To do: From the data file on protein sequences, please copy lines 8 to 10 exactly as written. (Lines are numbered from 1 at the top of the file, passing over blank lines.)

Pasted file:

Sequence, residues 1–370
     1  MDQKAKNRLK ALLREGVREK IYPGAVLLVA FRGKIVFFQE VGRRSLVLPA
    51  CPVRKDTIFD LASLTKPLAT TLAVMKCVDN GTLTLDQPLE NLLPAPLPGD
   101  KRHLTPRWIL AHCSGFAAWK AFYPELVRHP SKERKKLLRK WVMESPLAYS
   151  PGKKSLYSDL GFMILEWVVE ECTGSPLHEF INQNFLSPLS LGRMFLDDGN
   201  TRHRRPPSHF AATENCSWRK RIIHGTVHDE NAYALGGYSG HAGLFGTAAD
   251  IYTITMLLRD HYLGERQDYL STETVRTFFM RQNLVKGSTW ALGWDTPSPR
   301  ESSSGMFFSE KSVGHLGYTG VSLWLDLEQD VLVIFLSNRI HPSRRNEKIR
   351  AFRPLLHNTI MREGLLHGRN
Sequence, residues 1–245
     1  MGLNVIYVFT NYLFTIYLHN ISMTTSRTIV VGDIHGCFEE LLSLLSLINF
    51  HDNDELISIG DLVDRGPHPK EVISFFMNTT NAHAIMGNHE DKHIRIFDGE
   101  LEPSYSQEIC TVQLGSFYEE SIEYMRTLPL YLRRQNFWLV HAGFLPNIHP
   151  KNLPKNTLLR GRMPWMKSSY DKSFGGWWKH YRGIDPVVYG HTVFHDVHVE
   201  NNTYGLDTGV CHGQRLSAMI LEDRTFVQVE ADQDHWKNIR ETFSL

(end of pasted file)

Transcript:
   301  ESSSGMFFSE KSVGHLGYTG VSLWLDLEQD VLVIFLSNRI HPSRRNEKIR
   351  AFRPLLHNTI MREGLLHGRN
Sequence, residues 1–245